‘There’s always accommodation available for regular guests,’ smiled the man in reply.

‘I know,’ Jordan said and smiled back. It was refreshing, and the purpose of his vacations, to be able to relax and be recognized for who he really was and not to have to constantly remember and react to the identity he had assumed.


That afternoon, as he always did upon relocating to different towns or cities no matter how well he already knew them, Jordan set out to re-orientate himself. Jordan operated to a number of self-invented and imposed rules, one of which was never to take anything for granted, no matter how familiar or predictable the situation or surroundings. Before quitting the hotel he put the intrusion traps in place in his sea-fronting suite, hanging his clothes with pocket flaps and trouser lengths arranged in such a way, and shirts in such an order in partially withdrawn or fully closed drawers, that he would have known instantly if they had been disturbed during his absence. Downstairs at the caisse he rented a safe deposit facility for the bulk of his money, genuine passport, standby Letter of Credit and emergencies-only – again genuine – credit cards: like most successful professional thieves, Harvey Jordan took the greatest care protecting his own finances and possessions. He’d lost everything, including a wife, once and was determined never to do so again.

The most necessary and basic essentials put into force, Jordan strolled into the town as far as the railway station, reestablishing its layout in his mind and isolating new constructions and shops since his last visit. He walked in a gradual familiarizing loop via the park to a corner cafe he’d enjoyed during a previous visit for coffee and pastries. Gazing out over the sun-starred water he calculated that it would only take three months – four at the most – for his last victim, a flamboyant, frequently gossip-columned London investment banker, to restore his credit rating. Harvey Jordan prided himself upon his Robin Hood integrity, always establishing the financial resources of those whose identity he stole and used. Another working rule was that, with only ever one exception, he never stripped them to the monetary bone, as he had been stripped with pirhrana-like efficiency. It had taken Harvey Jordan two years, after crawling almost literally out of the vomit-ridden gutter, to discover the identity of the man who had first stolen his identity and along with it his legitimate computer programming business. Then it took a further year, using the man’s genuine identity, to recover financially everything, and more, of what had been taken from him. He hadn’t, of course, been able to recover Rebecca. Or the bankrupt business. It was a matter of integrity, he reassured himself, that, having personally learned it the hardest way imaginable, he provided a very necessary lesson to those from whom he stole to never again be so careless with their personal details and information. It wouldn’t, Jordan knew, be a defence if he were ever caught – which he was equally determined never to be – but he considered the money he took not so much illegally obtained as justifiable and well-earned tuition fees. If he didn’t do it who else was there to teach them?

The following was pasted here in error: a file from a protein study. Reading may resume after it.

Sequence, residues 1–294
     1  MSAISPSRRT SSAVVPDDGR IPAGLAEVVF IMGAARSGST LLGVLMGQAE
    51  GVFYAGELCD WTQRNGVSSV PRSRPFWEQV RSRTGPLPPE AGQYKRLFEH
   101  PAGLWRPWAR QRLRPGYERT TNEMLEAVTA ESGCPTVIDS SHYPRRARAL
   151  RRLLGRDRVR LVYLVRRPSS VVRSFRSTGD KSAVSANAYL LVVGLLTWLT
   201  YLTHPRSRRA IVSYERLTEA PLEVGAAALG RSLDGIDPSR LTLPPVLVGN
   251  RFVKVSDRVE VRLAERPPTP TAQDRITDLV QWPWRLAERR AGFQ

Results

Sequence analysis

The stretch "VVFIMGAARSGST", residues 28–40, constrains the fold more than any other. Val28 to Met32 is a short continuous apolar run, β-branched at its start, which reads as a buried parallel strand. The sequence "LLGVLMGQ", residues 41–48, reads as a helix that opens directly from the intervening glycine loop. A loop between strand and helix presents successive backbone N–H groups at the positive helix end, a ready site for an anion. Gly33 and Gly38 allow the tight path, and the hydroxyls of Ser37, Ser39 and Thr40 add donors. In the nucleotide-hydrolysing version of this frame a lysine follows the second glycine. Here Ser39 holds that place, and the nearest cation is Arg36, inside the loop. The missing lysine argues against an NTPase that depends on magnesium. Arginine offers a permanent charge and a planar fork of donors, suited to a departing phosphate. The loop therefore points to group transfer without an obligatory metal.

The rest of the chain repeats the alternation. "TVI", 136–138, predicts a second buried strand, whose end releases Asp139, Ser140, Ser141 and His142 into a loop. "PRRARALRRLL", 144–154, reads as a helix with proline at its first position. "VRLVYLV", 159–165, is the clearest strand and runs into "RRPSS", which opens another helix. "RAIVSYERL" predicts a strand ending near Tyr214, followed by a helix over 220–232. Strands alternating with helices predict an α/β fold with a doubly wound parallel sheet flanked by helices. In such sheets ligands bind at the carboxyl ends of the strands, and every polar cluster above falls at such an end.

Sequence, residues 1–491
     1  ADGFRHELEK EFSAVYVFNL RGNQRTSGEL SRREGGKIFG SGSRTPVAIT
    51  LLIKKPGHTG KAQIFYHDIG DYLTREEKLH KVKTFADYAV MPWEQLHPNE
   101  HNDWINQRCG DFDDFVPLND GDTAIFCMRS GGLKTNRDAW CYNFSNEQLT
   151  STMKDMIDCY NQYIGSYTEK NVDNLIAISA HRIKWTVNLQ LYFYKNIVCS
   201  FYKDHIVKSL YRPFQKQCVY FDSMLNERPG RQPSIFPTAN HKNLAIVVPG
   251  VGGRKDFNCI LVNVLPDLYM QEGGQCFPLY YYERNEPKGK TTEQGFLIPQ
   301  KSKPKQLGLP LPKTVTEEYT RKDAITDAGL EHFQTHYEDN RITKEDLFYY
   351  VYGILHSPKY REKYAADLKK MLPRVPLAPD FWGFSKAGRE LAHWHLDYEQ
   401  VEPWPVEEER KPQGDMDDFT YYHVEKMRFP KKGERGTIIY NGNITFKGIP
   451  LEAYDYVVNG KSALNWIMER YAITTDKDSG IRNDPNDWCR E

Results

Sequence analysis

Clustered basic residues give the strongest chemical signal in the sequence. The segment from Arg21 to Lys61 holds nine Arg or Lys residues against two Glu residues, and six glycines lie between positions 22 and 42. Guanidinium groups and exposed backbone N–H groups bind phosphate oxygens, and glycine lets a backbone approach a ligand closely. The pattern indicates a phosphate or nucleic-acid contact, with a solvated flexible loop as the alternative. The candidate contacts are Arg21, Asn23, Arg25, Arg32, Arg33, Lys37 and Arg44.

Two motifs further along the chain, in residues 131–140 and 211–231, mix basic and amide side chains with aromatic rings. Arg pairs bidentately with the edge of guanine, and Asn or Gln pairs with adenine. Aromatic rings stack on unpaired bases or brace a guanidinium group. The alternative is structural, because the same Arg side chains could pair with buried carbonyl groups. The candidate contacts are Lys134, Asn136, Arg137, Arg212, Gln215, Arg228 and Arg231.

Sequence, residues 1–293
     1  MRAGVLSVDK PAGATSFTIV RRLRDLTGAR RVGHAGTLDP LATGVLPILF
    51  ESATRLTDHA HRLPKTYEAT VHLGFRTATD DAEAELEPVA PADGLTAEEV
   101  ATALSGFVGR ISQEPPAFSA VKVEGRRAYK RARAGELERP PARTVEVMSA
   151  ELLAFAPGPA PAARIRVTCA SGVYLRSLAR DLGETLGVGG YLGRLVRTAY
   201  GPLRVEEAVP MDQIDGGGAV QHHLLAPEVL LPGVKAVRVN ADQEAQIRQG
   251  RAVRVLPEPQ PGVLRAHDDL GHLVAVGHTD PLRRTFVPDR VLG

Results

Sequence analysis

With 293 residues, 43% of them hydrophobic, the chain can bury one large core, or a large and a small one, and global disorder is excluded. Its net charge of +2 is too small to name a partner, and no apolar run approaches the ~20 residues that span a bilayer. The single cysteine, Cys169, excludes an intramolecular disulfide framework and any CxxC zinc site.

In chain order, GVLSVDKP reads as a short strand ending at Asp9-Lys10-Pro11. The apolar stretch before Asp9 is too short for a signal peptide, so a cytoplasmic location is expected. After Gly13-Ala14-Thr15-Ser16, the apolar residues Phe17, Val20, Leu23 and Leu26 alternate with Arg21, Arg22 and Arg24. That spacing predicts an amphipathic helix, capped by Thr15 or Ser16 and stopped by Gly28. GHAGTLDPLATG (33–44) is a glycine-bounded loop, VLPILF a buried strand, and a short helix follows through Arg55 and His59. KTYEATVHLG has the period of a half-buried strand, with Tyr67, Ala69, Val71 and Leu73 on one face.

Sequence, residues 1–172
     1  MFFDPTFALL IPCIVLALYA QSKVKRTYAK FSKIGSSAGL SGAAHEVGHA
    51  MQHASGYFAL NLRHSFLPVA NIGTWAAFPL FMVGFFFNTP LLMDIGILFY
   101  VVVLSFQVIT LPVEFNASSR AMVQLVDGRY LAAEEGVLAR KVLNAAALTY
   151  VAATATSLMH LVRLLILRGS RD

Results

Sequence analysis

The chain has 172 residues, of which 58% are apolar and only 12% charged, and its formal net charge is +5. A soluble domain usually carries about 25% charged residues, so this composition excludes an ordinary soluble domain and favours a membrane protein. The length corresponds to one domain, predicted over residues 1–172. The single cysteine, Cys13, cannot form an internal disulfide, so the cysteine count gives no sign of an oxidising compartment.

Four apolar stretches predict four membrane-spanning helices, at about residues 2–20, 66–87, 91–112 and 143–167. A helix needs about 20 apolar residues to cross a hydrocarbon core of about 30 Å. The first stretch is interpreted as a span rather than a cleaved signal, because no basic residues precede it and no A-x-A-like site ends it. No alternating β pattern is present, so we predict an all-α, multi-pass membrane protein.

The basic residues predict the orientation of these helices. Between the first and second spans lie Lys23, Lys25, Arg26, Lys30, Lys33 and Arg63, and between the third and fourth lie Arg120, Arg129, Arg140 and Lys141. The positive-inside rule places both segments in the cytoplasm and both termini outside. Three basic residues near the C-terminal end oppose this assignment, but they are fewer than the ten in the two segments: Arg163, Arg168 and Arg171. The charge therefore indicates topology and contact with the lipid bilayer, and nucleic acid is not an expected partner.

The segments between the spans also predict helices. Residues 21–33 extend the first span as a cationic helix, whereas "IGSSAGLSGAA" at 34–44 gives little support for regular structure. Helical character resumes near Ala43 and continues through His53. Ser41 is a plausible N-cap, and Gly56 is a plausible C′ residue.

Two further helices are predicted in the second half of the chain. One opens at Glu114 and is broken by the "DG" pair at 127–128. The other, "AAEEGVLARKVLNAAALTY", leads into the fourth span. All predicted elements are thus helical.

In the early evening Jordan drove the anonymous rented Renault to Monaco and ate at one of his favourite restaurants in the principality, a specialist fish bistro overlooking the harbour and the pink-painted royal palace, and afterwards climbed the hill for coffee and brandy on the Hotel de Paris terrace, watching the early arrivals at the casino. Jordan himself crossed the square just after ten and bought?5,000 worth of chips; on holiday, just as when he was following his chosen profession, tax exempting casino winning receipts legally proved his income legitimately came from gambling. He started out with chemin de fer, and at the end of an hour he was showing a profit of?1,500, which he much more quickly quadrupled at the roulette table.

Throughout Jordan remained constantly alert to everything and everyone around him, twice moving to a